The Middle East
To Be A Desert Rat
On the 3rd November there were signs, at last, that the enemy front facing El Alamein was about to crack. At 1.05am on the 2nd November the final infantry attack, codenamed Operation Supercharge, was made by the 151st (Durhams) Infantry Brigade supported by the 28th New Zealand Battalion of Maoris, and the 152nd Infantry Brigade from the 51st (Highland) Division supported by the 133rd Lorried Infantry Brigade of Royal Sussex battalions. This attack achieved all its objectives, which were then exploited by the New Zealand Division’s 9th Armoured Brigade, although at great cost. Finally between 11am until 1pm one of the fiercest tank battles of the desert war took place between the armoured brigades of X Corps and the remaining tanks of the 15th and 21st Panzer Divisions, together with the lighter tanks of the Littorio Division. Events had forced the Afrika Korps to counter-attack in daylight across open ground in front of the Aqqaqir Ridge. Although these attacks were well co-ordinated with artillery support, Stuka dive-bombers and twenty-four 88mm guns, the British enjoyed a strong tactical position, and the Allied fighter cover made short work of the Stuka attacks. It was an unequal battle, and by the end of the day the Panzerarmee Afrika was down to 35 panzers and 20 Italian tanks, having lost over 100.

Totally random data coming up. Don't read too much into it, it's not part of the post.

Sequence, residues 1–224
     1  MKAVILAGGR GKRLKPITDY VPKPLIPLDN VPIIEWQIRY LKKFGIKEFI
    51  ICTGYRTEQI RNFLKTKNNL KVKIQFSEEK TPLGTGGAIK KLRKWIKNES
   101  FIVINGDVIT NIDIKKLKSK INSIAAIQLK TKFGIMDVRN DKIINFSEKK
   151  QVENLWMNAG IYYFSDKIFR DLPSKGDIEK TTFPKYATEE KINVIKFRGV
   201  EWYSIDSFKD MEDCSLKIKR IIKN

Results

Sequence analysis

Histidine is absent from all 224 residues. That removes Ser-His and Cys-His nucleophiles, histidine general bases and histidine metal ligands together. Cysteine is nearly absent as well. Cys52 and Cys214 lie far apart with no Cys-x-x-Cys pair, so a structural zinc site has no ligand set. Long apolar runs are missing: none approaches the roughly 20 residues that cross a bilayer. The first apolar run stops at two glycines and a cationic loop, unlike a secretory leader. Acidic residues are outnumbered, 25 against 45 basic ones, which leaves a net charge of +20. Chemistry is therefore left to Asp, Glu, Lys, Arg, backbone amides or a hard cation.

Although British losses were not insignificant, they could afford to lose tanks at a far higher rate than their opponents, whilst the 8th Armoured Brigade had not been heavily involved and was still strong, and the 22nd Armoured Brigade had not been involved at all. It was at this stage that the 7th Armoured Division was ordered to prepare for the break-out and pursuit, which was felt to be imminent. At dawn on the 4th November the hill dominating the battlefield, the Tel el Aqqaqir, was occupied by the 7th Argylls without suffering any casualties, to reveal that the whole Afrika Korps had withdrawn from the Aqqaqir Ridge during the night, and that the battle of El Alamein was over.
At 6.30am the 22nd Armoured Brigade felt their way through the 5th Indian Infantry Brigade at the southwest corner of the Operation Supercharge salient and turned south down the Rahman Track. Meanwhile 131 Brigade threaded its way through the minefields and the numerous traffic jams behind the front line in the salient. The 4th Light Armoured Brigade had been lent to the 2nd New Zealand Division to replace the shattered 9th Armoured Brigade, so 7th Armoured Division consisted of only two brigades, the 22nd Armoured Brigade and the 131st (Queen’s) Lorried Infantry Brigade.